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This piece was originally posted on Aug. 19, 2015.
This Saturday will be your first chance to see the giant, Internet famous, wind-powered, centipede-like robots known as “Strandbeests” (Dutch for "beach animals") running loose in the Boston area.
“It gets a gust of wind and it kind of wobbles. Then when it starts to move, your heart goes out to it,” says Trevor Smith, curator of “Strandbeest: The Dream Machines of Theo Jansen,” billed as “the first major American exhibition” of the Dutch artist-tinkerer’s kinetic sculptures, which opens at Salem’s Peabody Essex Museum on Sept. 19. The exhibition will showcase “Strandbeests,” as well as “fossils” of parts, recordings of the artist and photos documenting the kinetic sculptures over the years. “The videos look like magic. The videos are about that dream of perpetual motion.”
You can see “Strandbeests” in person during one of the several public walks the Salem museum has scheduled:
- 10 a.m. to noon Saturday, Aug. 22, at Crane Beach in Ipswich
- 11 a.m. to 1 p.m. Friday, Aug. 28, at Boston City Hall Plaza
- 4:30 to 7 p.m. Friday, Aug. 28, at Dewey Square on Boston’s Rose Kennedy Greenway
- 5:30 to 7 p.m. Thursday, Sept. 10, on the plaza outside the MIT Media Lab, 75 Amherst St., Cambridge.
The “Strandbeests” are elaborate, elegant and fragile-looking contraptions, assembled from open skeletons of plastic tubes. The largest one in the exhibition comes in at 10 feet tall and 42 feet long, Smith says, though they average around 7 feet tall and a dozen feet long. Many have spined wings made of plastic sheeting and clear tape that wave in the wind like the wings of an insect testing the air for flight.
“Strandbeests” can appear alien. But also like something cobbled together by someone who grew up in lashed-together stilt houses and aboard old sailing ships. Or they can give the impression of a robot assembled in his spare time by a daydreaming Leonardo da Vinci.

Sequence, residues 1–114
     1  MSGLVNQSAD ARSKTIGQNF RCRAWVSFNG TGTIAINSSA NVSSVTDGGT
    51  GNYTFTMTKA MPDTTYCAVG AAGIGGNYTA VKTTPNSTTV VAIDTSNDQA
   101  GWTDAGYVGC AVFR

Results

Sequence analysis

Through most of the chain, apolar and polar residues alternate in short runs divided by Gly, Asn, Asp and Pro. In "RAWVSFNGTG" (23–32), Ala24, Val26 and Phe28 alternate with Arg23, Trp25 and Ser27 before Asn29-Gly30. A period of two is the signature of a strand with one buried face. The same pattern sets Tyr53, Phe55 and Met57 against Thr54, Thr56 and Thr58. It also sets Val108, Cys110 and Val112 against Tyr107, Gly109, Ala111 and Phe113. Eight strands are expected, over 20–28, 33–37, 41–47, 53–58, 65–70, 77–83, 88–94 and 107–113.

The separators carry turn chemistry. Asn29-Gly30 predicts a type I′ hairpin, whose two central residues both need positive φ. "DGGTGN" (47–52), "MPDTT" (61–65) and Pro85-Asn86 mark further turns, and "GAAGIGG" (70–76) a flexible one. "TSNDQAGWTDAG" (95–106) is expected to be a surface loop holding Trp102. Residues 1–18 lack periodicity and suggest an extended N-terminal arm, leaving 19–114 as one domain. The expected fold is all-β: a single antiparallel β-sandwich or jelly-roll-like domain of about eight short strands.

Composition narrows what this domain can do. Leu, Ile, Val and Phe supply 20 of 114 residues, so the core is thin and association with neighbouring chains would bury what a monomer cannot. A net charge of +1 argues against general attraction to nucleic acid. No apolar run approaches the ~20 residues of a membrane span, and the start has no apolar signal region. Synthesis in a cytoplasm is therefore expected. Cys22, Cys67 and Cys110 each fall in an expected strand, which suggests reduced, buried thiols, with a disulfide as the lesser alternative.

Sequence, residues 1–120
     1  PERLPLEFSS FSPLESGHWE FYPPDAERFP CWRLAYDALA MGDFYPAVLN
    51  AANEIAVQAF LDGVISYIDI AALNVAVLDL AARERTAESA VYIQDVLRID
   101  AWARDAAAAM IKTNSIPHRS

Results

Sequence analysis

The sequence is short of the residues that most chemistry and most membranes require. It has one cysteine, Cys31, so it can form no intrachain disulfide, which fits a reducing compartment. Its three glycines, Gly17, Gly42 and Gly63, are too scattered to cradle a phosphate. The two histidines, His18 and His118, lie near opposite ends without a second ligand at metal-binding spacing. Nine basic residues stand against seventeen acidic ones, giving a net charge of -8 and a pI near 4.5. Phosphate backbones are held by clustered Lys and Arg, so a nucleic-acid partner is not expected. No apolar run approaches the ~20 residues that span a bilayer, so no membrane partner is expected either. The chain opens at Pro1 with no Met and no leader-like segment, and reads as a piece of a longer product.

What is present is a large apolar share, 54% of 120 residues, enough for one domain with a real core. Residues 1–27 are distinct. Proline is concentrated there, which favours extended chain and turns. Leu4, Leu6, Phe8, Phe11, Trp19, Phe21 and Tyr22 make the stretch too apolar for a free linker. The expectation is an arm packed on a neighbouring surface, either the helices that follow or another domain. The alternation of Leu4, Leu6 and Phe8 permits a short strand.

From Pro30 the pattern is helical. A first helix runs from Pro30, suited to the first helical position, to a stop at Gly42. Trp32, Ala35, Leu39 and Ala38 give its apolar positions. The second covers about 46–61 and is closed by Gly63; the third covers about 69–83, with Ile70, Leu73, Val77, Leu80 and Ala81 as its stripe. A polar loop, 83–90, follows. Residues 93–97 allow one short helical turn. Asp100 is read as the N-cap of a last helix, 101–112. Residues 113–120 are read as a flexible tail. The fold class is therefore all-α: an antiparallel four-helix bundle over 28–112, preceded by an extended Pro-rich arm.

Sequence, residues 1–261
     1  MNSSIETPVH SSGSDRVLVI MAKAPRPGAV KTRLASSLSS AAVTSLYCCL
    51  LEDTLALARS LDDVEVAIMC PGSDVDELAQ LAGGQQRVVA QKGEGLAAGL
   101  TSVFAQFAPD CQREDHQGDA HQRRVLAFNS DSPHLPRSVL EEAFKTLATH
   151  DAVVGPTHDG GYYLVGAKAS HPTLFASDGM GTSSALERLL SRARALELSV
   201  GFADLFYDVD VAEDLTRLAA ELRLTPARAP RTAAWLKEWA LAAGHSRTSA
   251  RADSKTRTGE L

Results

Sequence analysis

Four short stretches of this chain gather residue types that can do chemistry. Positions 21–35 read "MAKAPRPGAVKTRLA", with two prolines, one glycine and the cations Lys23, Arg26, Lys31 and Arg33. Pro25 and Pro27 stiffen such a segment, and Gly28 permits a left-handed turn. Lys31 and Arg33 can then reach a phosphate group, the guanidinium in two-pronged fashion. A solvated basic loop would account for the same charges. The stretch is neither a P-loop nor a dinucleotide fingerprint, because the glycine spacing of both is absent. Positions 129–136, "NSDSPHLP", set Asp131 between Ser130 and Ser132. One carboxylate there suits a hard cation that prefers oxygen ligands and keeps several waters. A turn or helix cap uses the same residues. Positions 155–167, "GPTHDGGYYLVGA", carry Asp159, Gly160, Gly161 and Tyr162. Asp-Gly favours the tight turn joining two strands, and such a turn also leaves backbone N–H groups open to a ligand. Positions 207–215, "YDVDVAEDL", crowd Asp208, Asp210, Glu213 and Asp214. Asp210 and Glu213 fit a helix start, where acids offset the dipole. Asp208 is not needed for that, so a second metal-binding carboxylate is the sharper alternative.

Their wind-driven walking seems part insect, part like a team of horses. Their PVC pipe construction can give the impression that they’d sound like dancing skeletons. At times, the wind whistles through them. You can hear the sound of plastic squeaking against plastic. Altogether, it seems uncanny—as if these machines are feeling their way along, as if somehow they’re thinking.
“I first encountered ‘Stranbeests’ the way a lot of people did,” Smith says. “Someone suggested I check out a website. People are suggesting I check out things all the time. It’s much rarer that it’s something I hadn’t seen before. … When you see those videos, you feel it in your body. You kind of empathize with these creatures.”
Jansen, who grew up on and continues to live on the northwestern coast of the Netherlands, around The Hague, had been painting landscapes. But he’d also studied physics. Then, Smith says, “around 1980, he few a UFO over the skies of Delft and sort of caused a ‘War of the Worlds’ sensation.” It was a helium-filled saucer covered with plastic sheeting that emitted beeping sound-effects. People stared and police chased it before the untethered, uncontrolled craft drifted off toward Belgium. “It made him think that maybe painting was not the best way to make an image that would impact the world.”
Jansen subsequently invented a painting machine. Then, in 1990, he published an idea in a newspaper column he was writing regularly of whimsical observations of everyday Dutch life and customs. On this occasion, he sensed that the beach tides seemed higher than usual.
“He sort of imagined there was some sort of creature that would pick up the sand and place it on the upper part of the dunes to protect against the rising seas,” Smith says. This response was part of the perpetual Dutch question of how to reclaim land from the sea and then how to defend it from being taken back by the waters. “It’s more evocative of something we’re all thinking about now. This Dutch obsession has kind of become a global obsession.”
Half a year later, Jansen began concocting what would become his first “Strandbeests.” Smith says, “He just kind of becomes obsessed with this idea. He decides I’ll give myself a year to work on this. The project turned out to be longer-term and much more all consuming than that. Over time, it became less about piling up sand and more about the nature of life, evolution, how we decide if things are alive or not.”